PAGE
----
Having fallen in love with a glossy catalogue photo of Young Love, a fresh yet sensuous daffodil, pollinated her stigmas with who knows what combination of mongrel pollen and then carefully collected the 8 resulting seeds from two flowers it was time to wait for fall planting time. I kept Young Love’s seeds, along with the other 60 odd seeds I collected from my sloppy daffodil pollination experiments close at hand. At first I was really excited about the seeds and left them out on the desk drying in small twisty tied bundles of spun row cover material. The material allowed the seeds to dry, but kept them from being scattered. After a while, when the hassle of having them all over my desk outweighed the fetish value of looking at them a lot, I put seeds in a special little catch all basket on the desk where I could still sort of see them. Over time I became excited about or distracted with other things and stopped thinking about my seeds. I only noticed them once in a while when I needed something else out of the basket and was like “oh yeah, awesome!” That seems just as well since I had to wait a few months before planting them. Not to worry, come fall, my excitement was renewed.
In early fall I put the seeds out in the greenhouse. I did a little reading on propagation of daffodil seeds. Over all it seemed that they would grow easily enough, although some of the methods of propagation seemed overly complicated. I opted to plant them about 1 inch deep in flats. I used a technique I sometimes favor for special seeds with is as follows:
*Fill a planting flat about half full with rich flat soil made mostly of sifted compost.
*Follow the flat mix with a 1/2 inch or less layer of sand. (could also be 50/50 sand and peat, but I generally don’t find it necessary to add peat to propagation sand, though it will hold water longer if you do. The seeds can be laid carefully just where you want them on the sand.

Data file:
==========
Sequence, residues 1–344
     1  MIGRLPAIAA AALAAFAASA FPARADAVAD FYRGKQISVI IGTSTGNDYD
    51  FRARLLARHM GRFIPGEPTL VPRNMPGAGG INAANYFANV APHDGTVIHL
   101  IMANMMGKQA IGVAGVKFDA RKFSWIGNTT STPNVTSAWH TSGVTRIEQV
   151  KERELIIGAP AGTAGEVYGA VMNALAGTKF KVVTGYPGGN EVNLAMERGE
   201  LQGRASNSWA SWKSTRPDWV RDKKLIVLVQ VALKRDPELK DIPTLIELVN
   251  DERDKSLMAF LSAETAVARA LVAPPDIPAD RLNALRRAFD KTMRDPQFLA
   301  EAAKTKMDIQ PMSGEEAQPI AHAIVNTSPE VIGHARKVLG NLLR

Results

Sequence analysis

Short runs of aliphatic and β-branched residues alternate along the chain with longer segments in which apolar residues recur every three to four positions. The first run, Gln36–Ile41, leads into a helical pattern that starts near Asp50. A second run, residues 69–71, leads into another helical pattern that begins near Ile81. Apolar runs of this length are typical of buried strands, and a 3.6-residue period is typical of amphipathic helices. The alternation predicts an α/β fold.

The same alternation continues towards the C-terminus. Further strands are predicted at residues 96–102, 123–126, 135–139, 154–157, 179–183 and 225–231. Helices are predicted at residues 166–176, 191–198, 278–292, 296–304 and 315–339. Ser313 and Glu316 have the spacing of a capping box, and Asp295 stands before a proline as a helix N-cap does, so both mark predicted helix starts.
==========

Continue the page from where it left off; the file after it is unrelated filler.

*Cover with more sand to the chosen seed planting depth, in my case 1 inch.
This system offers a moist but well drained environment for the seeds with plenty of opportunity for the exchange of air yet with fewer of the moulds, bacteria and critters that are found in the composty flat mix. There is a tradition of planting seeds in sand or sand and peat for germination, but they have to be transplanted out soon after sprouting up because they have no nutrients to thrive on. When the seeds in the stratified flats strike roots, they hit pay dirt very soon and are off to a good start without transplanting. Sown in the flats, labels in place and watered in, there was nothing to do but wait. Read more »
As some of you may remember from the first installment I fell in love with a daffodil last year named Young Love. She was a mail order bride. I was seduced by the photos of her pearly perianth and frilly pink corona. Young love bloomed this April among many other new, and mostly lovely, narcissus varieties. I have to say that she wasn’t as pink as I had dared to hope, though at the same time knew better than to expect; and so it seems to go with pink daffodils in general. But then we don’t always get what is advertised or what we expected through our lustful, advertisement colored, fevered imaginations. Sometimes that may be just as well and what we do get may be as much or more valuable. Young Love did put on a lovely show and, along with all the other Grant Mitsch hybrids, had an excellent, heavy and even almost fleshy substance. When the first of them bloomed (integer) I was compelled to put its superior genes to use somehow and I went about crossing it with other early daffodils blooming at the time. Many mornings from that day through the bloom season I was to be found for a few minutes in mid morning snipping out stamens crusted with pollen from one flower and carrying them around with a pair of tweezers to dabble onto the female parts of another. I crossed whatever I liked the looks of without even looking up whether the varieties I was using were sterile, or virile, or made particularly good parents. Some didn’t fertilize at all but many, no most, did.
When Young Love bloomed I was certainly not going to miss my chance to dabble in her genes. Read more »